Volunteering in Uganda: What an epic, humbling experience

Posted by Tiger Marketing on 06 March 2024

Managing Director and Head Tiger Louise returned from her trip to Uganda in February and says it was “inspiring, humbling and absolutely epic”.

For the first part of the trip, Louise worked with a team of 65 volunteers who she now calls friends, at the One Love Project school and orphanage, and then experienced several ‘once in a lifetime’ adventures with gorilla trekking, land & boat safaris, quad biking and white water rafting through the rapids of the River Nile. (To find out what initially inspired Louise to take this trip, read our first Uganda blog post here.)

Louise’s 12-day trip included time spent in the Kabale District where the One Love Project school is located, then visits to the city of Jinja and Murchison Falls. Louise and the One Love group started their time in Uganda making improvements to the school and orphanage buildings, and the school for children with special needs, ‘Our Little Tribe’. The team repainted classrooms and built a fantastic new play area for the children, complete with a trampoline, climbing and swing frames, obstacles and slides. Several volunteers taught in the classes and there was lots of dancing and singing. Each volunteer had brought an additional 25kg suitcase full of much-needed clothes, shoes, musical instruments, stationery, and toiletries, and the team sorted through the thousands of donations and distributed them to the wonderful children and caring staff at the school and orphanage.

Among the donations were 92 football shirts, collected by 9-year-old Teddy Bond from Littlehampton, West Sussex to be given to the children. “As soon as I heard mum’s friends were going to Uganda to help the children there, it was my mission to get as many football kits, shirts and bibs as I could,” says Teddy. “Kids love football, and I wanted the children in Uganda to enjoy playing football with their friends like I do.” The children did love them and sent a video back to Teddy to say thank you.

The group of volunteers also spent a day handing out bras and period pants to girls and women in the wider community. In a region where disposable sanitary products and bras are prohibitively expensive yet hugely important to self-esteem and necessary for everyday life, underwear is also a crucial lifeline from rape and sexual subjugation as a lack of underwear is seen as a sign of vulnerability and puts women at risk.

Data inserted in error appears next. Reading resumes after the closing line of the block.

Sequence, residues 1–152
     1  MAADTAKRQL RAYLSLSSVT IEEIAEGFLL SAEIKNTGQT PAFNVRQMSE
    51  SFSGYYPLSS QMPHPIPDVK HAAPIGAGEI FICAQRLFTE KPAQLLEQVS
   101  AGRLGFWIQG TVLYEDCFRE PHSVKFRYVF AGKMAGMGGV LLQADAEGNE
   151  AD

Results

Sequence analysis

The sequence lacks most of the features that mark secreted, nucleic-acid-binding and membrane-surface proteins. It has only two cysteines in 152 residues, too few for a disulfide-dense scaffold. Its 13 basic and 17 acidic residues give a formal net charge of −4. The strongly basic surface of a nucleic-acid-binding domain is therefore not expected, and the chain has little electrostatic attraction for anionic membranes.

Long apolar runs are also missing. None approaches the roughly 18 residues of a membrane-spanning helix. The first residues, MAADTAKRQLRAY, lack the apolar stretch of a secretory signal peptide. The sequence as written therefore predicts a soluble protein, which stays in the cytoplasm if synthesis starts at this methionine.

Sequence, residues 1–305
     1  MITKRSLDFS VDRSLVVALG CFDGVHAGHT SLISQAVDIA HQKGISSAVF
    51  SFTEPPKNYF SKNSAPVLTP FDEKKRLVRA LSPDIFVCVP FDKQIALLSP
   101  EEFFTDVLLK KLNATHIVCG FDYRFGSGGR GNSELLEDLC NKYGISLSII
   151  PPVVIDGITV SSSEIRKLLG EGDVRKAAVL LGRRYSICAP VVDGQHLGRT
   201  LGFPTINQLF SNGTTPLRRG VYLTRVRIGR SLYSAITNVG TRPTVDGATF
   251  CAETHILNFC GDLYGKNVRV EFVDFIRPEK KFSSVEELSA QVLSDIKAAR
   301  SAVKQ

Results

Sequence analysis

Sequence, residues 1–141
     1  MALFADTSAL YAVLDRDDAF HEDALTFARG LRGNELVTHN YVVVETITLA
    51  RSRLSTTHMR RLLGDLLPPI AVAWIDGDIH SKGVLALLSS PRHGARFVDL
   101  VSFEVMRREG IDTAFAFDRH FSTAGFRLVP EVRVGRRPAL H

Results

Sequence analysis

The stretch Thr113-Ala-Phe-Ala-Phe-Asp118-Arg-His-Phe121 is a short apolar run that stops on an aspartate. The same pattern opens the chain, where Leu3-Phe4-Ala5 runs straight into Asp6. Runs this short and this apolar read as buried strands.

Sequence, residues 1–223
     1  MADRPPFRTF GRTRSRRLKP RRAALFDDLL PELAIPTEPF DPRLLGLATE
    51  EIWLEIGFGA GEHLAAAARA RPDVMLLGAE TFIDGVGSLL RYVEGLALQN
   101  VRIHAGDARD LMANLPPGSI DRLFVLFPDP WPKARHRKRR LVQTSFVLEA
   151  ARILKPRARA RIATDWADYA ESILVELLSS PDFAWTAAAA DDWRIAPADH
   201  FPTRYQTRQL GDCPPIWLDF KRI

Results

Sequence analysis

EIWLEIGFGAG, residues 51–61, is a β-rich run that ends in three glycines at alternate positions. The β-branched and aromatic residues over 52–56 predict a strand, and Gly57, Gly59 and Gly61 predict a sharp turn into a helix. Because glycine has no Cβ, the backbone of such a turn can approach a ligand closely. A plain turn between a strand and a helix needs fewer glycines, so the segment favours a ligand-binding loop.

Louise says: “This day was emotional for many reasons and was extremely humbling and rewarding to see how happy these items made the young ladies and women, what we take for granted and deem as a necessity was a luxury to them.”

“This day is also where I met 5-year-old Amos and his grandma. They were hungry, dirty, had bedraggled clothes on (the grandma barefoot), and whereas all the people we’d met to date were smiling, happy and talkative, Amos didn’t smile and had a haunting sadness in his eyes. His grandma begged us to take him as she was struggling to look after him and was physically pushing him towards us. I really wanted to help and with my friend Maxine, we went back to the orphanage to see if there was space for him to attend school and possibly board there – luckily there was. Max and I went back to the community to tell Amos and his grandma, we invited them to the school for lunch, gave them new clothes and shoes and helped settle Amos into his new classroom. His grandma asked if he could board there and so Max and I decided to sponsor him for the year so he could have regular hot meals, gain an education and play with his new friends. Within half an hour the sad eyes were smiling, and we were rewarded with a very special hug.”

For anyone wanting to sponsor a child, please get in contact and know that your sponsorship will go direct to the school to buy a child such as Amos essential items: bedding, mosquito nets, toiletries, shoes and school supplies, and well as covering school fees and the cost of uniform.

Being able to see exactly where the funds and donations go and the instant impact they have on young lives is not only heartwarming but immensely reassuring, because corruption in the governments and institutions of developing countries is extremely common. A 2021 report by Uganda’s Inspectorate of Government found that eradicating corruption would save the country at least 9.1 trillion Ugandan shillings – approximately £2 billion. Charities and not-for-profit organisations must therefore tread carefully and take the time to understand the environment they’re operating in before they start trying to make changes. The team behind the One Love Project who organised Louise’s trip spent many years immersing themselves in the culture and learning how everything worked, so they are transparent about where money and donations go and can make a tangible difference in the most ethical way possible.

“I had a wonderful, fulfilling time in Uganda and feel very privileged to have had the experience,” says Louise. “I made friends for life on this trip, saw wonders beyond words, experienced high-adrenaline activities and witnessed true goodness in humans – I will treasure forever the incredible memories of my time there.”

Thank you so much to everyone who has donated – your contributions have already made a clear difference to the community. We’re still accepting donations, so if you’d like to extend your support, you can do so here.

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